[Date Prev][Date Next][Thread Prev][Thread Next][Date Index][Thread Index]

[ih] why did CC happen at all?

At 3:27 PM +0200 9/1/14, Detlef Bosau wrote:
>Am 01.09.2014 um 14:30 schrieb John Day:
>>Re: [ih] why did CC happen at all?
>>Wasn't at least one of the lock up problems that ARPANET Messages 
>>could be up to 8 packets, and the IMP would reassemble a full 
>>Message before delivering it to the host. Hence, it was possible to 
>>get many partially reassembled messages in the destination IMP 
>>without enough memory to finish any of them. Since the IMP wouldn't 
>>discard anything, it froze.
>But isn't this an implementation error? In a properly implemented 
>flow control, a receiving node must not accept data for parts of a 
>packet as long as he doesn't have the memory to reassemble the whole 

Well, not entirely.  I believe and Vint should chime in here.  That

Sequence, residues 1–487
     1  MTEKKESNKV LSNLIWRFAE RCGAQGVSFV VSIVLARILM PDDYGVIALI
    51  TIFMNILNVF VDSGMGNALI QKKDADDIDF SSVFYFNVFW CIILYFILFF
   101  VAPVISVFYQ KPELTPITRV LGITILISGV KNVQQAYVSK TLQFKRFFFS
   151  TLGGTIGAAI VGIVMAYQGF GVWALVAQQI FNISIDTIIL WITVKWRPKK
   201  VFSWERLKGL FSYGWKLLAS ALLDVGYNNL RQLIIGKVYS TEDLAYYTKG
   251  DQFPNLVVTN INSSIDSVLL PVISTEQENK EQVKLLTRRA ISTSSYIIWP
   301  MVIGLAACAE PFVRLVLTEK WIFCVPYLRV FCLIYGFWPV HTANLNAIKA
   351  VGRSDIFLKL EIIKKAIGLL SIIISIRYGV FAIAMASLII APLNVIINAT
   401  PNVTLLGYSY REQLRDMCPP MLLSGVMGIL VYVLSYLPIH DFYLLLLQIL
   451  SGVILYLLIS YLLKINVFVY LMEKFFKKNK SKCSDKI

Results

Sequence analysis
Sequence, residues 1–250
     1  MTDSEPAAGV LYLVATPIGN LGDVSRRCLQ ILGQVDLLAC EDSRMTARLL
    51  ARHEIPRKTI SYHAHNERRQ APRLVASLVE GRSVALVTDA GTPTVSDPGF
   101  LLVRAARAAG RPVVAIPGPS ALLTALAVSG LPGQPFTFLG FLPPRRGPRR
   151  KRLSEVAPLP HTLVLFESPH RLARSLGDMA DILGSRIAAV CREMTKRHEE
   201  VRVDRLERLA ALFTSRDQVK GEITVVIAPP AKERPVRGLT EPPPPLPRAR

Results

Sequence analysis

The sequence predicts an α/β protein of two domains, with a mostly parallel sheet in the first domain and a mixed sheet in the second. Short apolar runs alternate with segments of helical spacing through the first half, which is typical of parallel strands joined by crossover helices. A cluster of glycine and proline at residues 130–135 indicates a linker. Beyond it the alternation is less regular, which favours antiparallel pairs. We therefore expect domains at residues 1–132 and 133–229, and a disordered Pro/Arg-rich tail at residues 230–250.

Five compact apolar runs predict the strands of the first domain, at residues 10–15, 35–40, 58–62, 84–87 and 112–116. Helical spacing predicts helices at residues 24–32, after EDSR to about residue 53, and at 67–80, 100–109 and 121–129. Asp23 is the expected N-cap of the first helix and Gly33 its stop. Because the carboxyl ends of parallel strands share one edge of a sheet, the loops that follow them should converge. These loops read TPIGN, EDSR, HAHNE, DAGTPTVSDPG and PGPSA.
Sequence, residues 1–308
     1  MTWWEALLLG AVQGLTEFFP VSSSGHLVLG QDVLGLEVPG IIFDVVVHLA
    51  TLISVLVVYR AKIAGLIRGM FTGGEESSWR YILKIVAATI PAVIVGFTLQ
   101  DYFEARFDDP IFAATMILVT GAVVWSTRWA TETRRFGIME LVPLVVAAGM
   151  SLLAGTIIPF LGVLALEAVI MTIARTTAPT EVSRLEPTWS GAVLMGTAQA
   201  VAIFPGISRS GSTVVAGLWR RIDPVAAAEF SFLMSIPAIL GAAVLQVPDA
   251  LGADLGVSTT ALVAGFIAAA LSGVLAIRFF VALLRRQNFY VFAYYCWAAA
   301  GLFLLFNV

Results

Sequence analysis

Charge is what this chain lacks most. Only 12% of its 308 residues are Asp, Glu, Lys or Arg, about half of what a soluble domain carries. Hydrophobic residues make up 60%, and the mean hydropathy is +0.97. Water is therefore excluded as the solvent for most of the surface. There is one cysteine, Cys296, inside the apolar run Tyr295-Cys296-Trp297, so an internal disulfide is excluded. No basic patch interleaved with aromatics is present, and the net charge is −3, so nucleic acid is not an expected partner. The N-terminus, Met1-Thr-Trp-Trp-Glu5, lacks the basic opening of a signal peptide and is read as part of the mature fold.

it was (at least for us at the time) the work that Vint and Bob did 
that argued that there was no amount of memory large enough to avoid 
the problem.  At least that is what I remember from reading a paper 
that was distributed on the Net at the time.

>>RFNMs made it pretty difficult to over load the IMPs with just 
>>packet traffic, right?
>>For what it's worth, many years ago Phil Enslow told me he had 
>>reviewed the proposed ARPANET design (before my time) and had said 
>>it would lock up, but no one believed him. That is all I know about 
>dead locks in reassembly / flow control are a serious concern and 
>must be carefully considered in the protocol design.
>Actually, this problem is the very reason for the cumulative ACK 
>mechanism in TCP: The sender is made ALWAYS to fill up the 
>receiver's window from the very left to the right by signalling 
>exactly this sequence number to the sender. Otherwise, the 
>receiver's buffer might be fully occupied with data - while there is 
>a gap in the data flow as delivered to the application and the next 
>part residing in the buffer - and no space to fill in the missing 

But we didn't have TCP then, and all of this stuff was pretty new.

Remember you have to put yourself in the state of knowledge at the 
time, which wasn't the same everywhere.